By Catherine Collins
- Freshmen Sarah Tapscott, Olivia Kibbe, and Karley Reigel look at an iPad.
Photo by Elaheh Eghbal
Five weeks into the pilot year for the iPad program, there are varying opinions on the technology’s place in a classroom. While some freshman students and professors have tried to incorporate the iPad into their academic pursuits, there remain many who see it as a distracting entertainment device.
“It’s a good thing and a bad thing,” Yeni Balmes, an education major, said of the iPad. “I try not to use it when I’m doing homework, because I get caught on games.”
“I don’t use my iPad in any of my classes,” Nathalie Elsamra, who is considering a major in psychology, said. “People use it more for games and Facebook.”
“I don’t really use the iPad to do much schoolwork,” Thomas Marino said. “I like gaming on it, though.”
Fellow freshmen students Kerri Sheehan, an English major, and Ilana Adler, a social work major, agreed.
Sheehan said that she “mostly uses it for games and Facebook,” and Adler said that games were how she spent the most time on her iPad.
Sheehan said that most freshmen in her classes do bring their iPads to class and that many use Blackboard and take notes on them, but she herself finds it difficult to type on it.
Russell Gingrich pointed out the lack of word-processing software on the iPad as it was given to him.
“I wish it had Word, so I could write essays on it,” he said.
For Ravleen Khlasa, the possibility of having to pay for extra applications is a frustration.
“I don’t mind using my iPad for schoolwork, but I wish that professors would not make students pay money to buy more apps,” Khlasa said. “Granted, some apps are free, but some are specific for each course and they cost extra money.”
Elsamra, along with a number of other freshmen, said that she uses her iPad for Blackboard and her Hood email, but that it’s nothing she can’t do on her laptop as well. Virtually all freshmen students own a laptop in addition to the iPad.
“I use my iPad for two things: Pandora and to check my schoolwork on Blackboard,” said Maggie McGill.
When asked if the free iPad had factored into their decision to attend Hood, most freshmen said that it had played a small or even nonexistent role. For Sheehan, the iPad was “a bonus,” and for Balmes, it was a surprise – she hadn’t known about the iPad handouts before enrolling.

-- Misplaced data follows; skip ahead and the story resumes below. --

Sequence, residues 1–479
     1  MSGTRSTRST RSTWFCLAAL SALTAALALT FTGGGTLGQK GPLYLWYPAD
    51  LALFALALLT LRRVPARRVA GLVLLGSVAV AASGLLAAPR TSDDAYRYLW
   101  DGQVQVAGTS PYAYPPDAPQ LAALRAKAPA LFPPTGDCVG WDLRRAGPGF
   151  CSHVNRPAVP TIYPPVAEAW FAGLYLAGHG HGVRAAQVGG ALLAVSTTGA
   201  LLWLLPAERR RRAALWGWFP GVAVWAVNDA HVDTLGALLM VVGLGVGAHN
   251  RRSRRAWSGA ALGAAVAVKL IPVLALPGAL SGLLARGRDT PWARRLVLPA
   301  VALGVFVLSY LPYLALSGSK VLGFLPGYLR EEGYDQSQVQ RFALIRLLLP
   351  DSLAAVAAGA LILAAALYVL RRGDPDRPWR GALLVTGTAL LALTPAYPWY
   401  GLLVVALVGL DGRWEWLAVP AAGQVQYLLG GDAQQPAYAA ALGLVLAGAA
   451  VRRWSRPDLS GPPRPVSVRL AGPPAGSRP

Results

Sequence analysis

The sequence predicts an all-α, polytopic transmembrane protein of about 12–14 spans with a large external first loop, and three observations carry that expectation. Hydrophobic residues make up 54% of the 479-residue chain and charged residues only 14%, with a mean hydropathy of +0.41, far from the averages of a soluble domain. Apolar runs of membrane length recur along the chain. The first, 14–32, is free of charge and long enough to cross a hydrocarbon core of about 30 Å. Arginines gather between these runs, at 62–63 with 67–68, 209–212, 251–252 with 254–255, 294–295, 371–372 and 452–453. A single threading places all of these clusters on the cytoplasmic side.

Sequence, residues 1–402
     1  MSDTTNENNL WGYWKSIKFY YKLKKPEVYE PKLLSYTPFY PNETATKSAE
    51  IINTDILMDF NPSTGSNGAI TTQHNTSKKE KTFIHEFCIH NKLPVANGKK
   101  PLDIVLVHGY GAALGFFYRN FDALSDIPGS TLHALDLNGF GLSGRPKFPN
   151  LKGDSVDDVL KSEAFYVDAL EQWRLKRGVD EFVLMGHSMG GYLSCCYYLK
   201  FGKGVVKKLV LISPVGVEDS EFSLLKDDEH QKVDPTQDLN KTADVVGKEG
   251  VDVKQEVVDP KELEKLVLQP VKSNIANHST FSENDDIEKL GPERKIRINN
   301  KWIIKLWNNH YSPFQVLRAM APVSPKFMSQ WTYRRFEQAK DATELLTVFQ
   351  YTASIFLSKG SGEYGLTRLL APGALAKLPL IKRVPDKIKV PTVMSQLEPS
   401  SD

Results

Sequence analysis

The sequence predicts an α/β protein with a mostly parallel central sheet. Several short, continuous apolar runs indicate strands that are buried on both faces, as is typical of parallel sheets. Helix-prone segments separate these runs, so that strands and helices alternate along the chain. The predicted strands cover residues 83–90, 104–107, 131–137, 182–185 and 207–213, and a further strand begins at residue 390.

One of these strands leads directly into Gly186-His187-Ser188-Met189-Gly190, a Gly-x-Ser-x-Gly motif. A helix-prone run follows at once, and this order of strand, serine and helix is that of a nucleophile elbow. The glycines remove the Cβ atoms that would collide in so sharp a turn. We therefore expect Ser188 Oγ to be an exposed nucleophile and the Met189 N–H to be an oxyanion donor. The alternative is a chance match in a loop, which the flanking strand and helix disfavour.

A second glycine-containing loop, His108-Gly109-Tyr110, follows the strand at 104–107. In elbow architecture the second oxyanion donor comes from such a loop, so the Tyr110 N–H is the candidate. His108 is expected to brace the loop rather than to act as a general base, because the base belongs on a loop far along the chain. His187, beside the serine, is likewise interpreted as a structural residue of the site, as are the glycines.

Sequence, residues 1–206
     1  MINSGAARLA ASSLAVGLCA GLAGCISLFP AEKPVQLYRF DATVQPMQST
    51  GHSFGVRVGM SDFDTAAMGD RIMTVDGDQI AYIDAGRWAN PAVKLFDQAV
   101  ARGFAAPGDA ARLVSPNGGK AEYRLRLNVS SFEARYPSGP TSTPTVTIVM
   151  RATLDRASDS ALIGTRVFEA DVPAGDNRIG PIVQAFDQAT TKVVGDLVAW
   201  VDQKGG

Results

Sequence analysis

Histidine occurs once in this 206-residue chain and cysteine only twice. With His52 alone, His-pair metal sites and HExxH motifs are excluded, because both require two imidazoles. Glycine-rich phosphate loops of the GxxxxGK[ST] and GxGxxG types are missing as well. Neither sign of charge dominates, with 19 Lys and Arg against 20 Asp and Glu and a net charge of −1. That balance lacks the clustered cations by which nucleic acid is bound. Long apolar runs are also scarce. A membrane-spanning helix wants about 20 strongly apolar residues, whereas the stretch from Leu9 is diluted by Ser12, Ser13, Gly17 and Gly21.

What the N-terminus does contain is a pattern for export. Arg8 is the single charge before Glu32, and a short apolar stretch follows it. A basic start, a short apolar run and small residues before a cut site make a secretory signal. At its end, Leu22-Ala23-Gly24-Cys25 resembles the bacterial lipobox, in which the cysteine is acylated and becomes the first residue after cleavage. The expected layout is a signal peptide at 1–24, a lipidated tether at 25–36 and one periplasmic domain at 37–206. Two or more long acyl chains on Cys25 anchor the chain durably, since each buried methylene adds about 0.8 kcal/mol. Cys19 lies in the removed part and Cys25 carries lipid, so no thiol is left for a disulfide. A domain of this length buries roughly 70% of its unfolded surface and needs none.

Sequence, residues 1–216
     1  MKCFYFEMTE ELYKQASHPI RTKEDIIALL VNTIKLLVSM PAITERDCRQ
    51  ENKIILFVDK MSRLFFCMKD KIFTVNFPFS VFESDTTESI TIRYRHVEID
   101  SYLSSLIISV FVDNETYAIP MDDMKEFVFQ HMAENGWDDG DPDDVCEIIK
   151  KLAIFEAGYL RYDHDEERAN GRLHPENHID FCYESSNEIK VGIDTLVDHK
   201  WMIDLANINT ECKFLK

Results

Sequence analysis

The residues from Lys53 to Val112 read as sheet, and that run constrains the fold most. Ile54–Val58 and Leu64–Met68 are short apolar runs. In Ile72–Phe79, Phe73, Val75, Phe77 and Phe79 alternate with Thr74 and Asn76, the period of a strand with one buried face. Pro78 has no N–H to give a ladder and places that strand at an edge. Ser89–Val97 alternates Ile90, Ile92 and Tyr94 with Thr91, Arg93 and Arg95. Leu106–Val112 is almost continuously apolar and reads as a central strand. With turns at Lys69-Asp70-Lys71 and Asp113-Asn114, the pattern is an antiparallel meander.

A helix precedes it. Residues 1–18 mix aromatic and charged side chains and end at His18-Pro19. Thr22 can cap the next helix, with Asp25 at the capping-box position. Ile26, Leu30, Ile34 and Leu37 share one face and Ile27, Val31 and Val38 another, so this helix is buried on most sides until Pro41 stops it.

Elsamra said that the free iPad “kind of” factored into her decision, but like other freshmen, it was not the major attraction.
“It’s a cool thing to get people interested, because you’re like, ‘Oh, they have money and new technology,’” she said.
But for Ilana Adler, a social work major, the technology she owns has no place in her academics this semester, since many of her professors don’t allow electronics in the classroom.
“Most teachers don’t let you bring your iPads to class, so there’s no point in doing work on it,” she said.
While some professors forbid all electronics in the classroom, others simply proceed without them.
For English professor Vincent Kohl, the iPad is irrelevant to the coursework he assigns.
“I can’t imagine how it would be useful to me and my students,” said Kohl, who is teaching two 100-level English courses this fall. “Maybe it’s useful in courses that involve quantifying, but what advantage does it have in understanding literature?”
But for Dr. Trevor Dodman, professor of English, the iPad might have some potential. Dodman is teaching a course on T.S. Eliot’s “The Wasteland” this spring, and he is looking into an iPad application that offers the entire original version of Eliot’s complex poem in hypertext.
“The iPad will maybe offer tools for a different way through the poem,” Dodman said. “I think it holds out some neat possibilities.”
The course on “The Wasteland,” however, is a 200-level course that will mostly consist of upper-classmen, so Dodman is trying to envision a way that he himself can present the iPad application to the class as a whole.
“It would be easier if everyone had one,” Dodman said.
Other professors pointed out this issue as well. Virtually no classes are 100% freshmen, and the iPad can’t play a consistent role in learning when only one-third or one-fourth of the class has the technology.
Dodman spoke about his experience leading one of the discussion groups on “A Thousand Splendid Suns” in August, in which some of his group was using hard copies of the novel and others were using the iPad.
“Even the issue of pagination was a problem,” he said. “We took quite a bit of time trying to get everyone on the same page, which was unfortunate.”
Moreover, it’s difficult for professors to become engaged with an electronic device that many of them don’t have experience with. Dodman said that he was planning to spend some time on the iPad circulating around the English department so that he could familiarize himself with the technology that a number of his students own.
“If people don’t own them and aren’t intimately familiar with them, they’re less likely to incorporate them into classes,” said Dr. Eric Annis, professor of biology.
Annis, who is teaching a 100-level biology class this semester that is roughly half freshmen, said that he himself hasn’t looked into using the iPad. Since most of his assignments involve word processing and spreadsheets, he finds that his students are “better off using a computer.”
As a biology professor, he said that he’d like to look into possible multimedia benefits on the iPad.
“If we had textbooks designed for it, with video incorporated into them, that would be great,” he said.
Of the freshmen in his class, Annis said that about half or one-third bring their iPads to class, but that he can’t see what they’re doing on them.
“I get the impression that it’s mostly Facebook,” he said.
Stacey Axler contributed reporting.